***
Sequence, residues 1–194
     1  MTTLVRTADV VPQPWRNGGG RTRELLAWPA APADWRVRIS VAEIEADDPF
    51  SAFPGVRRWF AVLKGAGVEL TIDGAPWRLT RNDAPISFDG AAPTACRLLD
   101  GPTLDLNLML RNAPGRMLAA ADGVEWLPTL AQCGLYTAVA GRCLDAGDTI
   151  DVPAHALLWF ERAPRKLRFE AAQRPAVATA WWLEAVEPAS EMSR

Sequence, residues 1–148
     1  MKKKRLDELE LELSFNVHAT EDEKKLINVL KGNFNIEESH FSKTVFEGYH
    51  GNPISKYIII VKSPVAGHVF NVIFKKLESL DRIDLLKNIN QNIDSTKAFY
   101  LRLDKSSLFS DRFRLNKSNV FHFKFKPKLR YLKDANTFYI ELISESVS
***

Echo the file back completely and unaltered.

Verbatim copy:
Sequence, residues 1–194
     1  MTTLVRTADV VPQPWRNGGG RTRELLAWPA APADWRVRIS VAEIEADDPF
    51  SAFPGVRRWF AVLKGAGVEL TIDGAPWRLT RNDAPISFDG AAPTACRLLD
   101  GPTLDLNLML RNAPGRMLAA ADGVEWLPTL AQCGLYTAVA GRCLDAGDTI
   151  DVPAHALLWF ERAPRKLRFE AAQRPAVATA WWLEAVEPAS EMSR

Sequence, residues 1–148
     1  MKKKRLDELE LELSFNVHAT EDEKKLINVL KGNFNIEESH FSKTVFEGYH
    51  GNPISKYIII VKSPVAGHVF NVIFKKLESL DRIDLLKNIN QNIDSTKAFY
   101  LRLDKSSLFS DRFRLNKSNV FHFKFKPKLR YLKDANTFYI ELISESVS